Let’s be brutally honest: with all the national attributes our country has been gifted, we shouldn’t be lagging behind so many other nations with similar levels of industrialization and development – we should be at the head of the class.
That realization prompted me in 2016 to create the Advisory Council on Economic Growth. The council did some significant work, drawing attention to the importance of immigration and its impact on our demographics; identifying key economic sectors where Canada held a competitive advantage; focusing on how we could stimulate lagging private sector investment with ideas like the Canada Infrastructure Bank; advocating for the expansion of international trade in Asia, where growth was likely to continue; and pushing for a focus on skills development and training.
As happens so often in political life, the ideas were good but their application proved a challenge. Building and renewing infrastructure demanded a large amount of capital and extended time frames to complete projects, plus provincial and municipal buy-in. On the international front, our strategy to expand trade opportunities with China ran up against hard-nosed geopolitical realities, and implementing other promising initiatives encountered obstacles that couldn’t be easily sidestepped.
The focus on economic renewal deserved to be sharpened and directed by the prime minister, but it was not. I was prepared to play any meaningful role to reach the goal, but responsibility for economic growth cannot be delegated to the finance minister alone. It requires attention at the very top. In my view neither the PM nor the Prime Minister’s Office saw the need to address our anemic growth record as a first priority, despite a raft of statistics confirming it and the need to treat it as a priority.
From the end of the Second World War to the mid-1970s, few countries exceeded Canada’s rate of economic growth. As one measure, the weekly earnings of Canadians grew at an average of 2.54 per cent annually over that period after accounting for inflation, more than doubling our earned income. Pretty impressive, but from 1982 to 2019, our country’s real GDP rose an average of just 1.3 per cent annually, which is not impressive at all.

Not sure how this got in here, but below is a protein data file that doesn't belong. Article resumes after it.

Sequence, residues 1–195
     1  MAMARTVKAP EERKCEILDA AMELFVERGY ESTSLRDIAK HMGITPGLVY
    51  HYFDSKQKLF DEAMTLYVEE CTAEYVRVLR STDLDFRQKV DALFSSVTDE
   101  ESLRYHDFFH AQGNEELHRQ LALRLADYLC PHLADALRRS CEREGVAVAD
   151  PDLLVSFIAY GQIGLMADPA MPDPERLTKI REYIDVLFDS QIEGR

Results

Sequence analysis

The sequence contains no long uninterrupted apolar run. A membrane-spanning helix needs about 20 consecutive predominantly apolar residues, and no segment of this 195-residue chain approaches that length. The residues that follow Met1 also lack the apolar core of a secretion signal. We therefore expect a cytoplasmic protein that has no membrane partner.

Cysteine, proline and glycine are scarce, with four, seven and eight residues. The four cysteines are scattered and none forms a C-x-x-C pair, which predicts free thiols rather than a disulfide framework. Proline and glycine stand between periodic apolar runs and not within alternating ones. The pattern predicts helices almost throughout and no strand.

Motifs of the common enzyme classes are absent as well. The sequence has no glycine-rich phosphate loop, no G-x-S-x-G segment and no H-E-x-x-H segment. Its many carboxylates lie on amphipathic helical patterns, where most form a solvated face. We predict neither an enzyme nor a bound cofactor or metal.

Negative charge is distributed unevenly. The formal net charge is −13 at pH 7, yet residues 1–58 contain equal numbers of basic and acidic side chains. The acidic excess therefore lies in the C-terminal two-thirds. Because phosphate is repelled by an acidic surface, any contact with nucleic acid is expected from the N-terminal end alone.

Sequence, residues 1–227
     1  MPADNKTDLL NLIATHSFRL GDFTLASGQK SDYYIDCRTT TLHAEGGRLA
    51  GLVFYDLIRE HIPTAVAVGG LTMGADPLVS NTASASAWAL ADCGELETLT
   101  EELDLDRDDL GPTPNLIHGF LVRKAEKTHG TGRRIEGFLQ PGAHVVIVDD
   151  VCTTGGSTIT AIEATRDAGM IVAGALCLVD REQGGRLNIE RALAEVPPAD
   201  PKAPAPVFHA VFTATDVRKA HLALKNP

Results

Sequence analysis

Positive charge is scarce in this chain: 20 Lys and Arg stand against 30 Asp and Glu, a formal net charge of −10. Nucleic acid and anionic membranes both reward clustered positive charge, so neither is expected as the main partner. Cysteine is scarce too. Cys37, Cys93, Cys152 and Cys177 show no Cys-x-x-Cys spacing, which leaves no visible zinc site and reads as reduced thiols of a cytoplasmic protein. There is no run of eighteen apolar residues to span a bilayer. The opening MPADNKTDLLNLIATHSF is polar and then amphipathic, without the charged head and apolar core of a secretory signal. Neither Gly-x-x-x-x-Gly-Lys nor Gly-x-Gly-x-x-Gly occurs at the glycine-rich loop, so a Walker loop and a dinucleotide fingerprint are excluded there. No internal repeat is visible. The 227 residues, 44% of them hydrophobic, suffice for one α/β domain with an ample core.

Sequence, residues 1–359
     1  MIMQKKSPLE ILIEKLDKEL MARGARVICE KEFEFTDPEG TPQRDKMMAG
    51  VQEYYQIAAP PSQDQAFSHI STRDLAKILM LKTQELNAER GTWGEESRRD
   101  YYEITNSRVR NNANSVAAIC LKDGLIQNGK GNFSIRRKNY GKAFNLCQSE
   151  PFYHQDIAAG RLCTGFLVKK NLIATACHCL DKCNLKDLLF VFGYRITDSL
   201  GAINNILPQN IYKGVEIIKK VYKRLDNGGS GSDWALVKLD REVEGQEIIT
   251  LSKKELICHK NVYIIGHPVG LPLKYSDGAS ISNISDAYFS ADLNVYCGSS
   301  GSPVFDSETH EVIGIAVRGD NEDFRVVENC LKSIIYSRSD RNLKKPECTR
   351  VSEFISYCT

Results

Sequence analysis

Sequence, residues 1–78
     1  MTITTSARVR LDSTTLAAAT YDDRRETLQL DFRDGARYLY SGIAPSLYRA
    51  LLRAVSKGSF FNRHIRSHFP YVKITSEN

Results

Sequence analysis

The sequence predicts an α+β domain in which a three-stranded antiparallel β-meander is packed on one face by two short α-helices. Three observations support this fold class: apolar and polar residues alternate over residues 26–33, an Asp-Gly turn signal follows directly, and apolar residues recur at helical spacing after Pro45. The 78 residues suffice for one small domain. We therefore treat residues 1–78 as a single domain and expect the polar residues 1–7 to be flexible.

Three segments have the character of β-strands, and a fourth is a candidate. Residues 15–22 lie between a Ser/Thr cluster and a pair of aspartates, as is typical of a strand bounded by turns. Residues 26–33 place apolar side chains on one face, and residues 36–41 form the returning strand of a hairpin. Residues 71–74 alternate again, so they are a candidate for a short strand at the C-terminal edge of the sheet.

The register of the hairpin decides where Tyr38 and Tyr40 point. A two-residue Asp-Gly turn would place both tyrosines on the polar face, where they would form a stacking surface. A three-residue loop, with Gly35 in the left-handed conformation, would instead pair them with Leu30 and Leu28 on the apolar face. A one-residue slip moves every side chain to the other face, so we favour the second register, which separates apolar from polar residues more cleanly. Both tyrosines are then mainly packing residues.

The slump is directly related to a downward trend in productivity growth over those years. Out of 36 countries in the Organization for Economic Cooperation and Development (OECD) measured from 2000 to 2019, Canada rated in 25th place when it came to productivity growth. Assessing real output per hour worked, we were less than mediocre in comparison with similar OECD nations: 10 per cent lower than the U.K., 22 per cent lower than France and Germany and a giant 27 per cent lower than the U.S., our best partner and our biggest competitor.
One reputable study noted that Canada’s productivity from 2000 to 2019 grew at an average of 0.9 per cent annually, half the annual rate it had grown over the years from 1961 to 2000. Had we maintained the same productivity growth from 2000 on, the average annual income for Canadian workers in 2019 would have been about $13,550 higher. That’s pocketbook proof that greater productivity benefits everyone.
Improving productivity is not about maximizing our labour force participation, as important as that may be. Increasing the labour force helps promote growth, but it doesn’t necessarily improve productivity. Nor should our goal be about working harder or working with fewer people to do the same amount of work. It’s about working smarter, which is not the same thing at all. The best way to elevate labour productivity in the 21st century is through the application of technological advances and ensuring the ability of the labour force to adapt to them.
It is impossible, on a long-term basis, for any society to earn or spend more than the value of whatever they produce, whether goods or services. That’s a basic rule that one doesn’t need an economics degree to understand. All you need to grasp the idea is your experience at balancing your household budget. The key to long-term prosperity is productivity, and the reality of our aging demographics will make it ever more important over the coming years.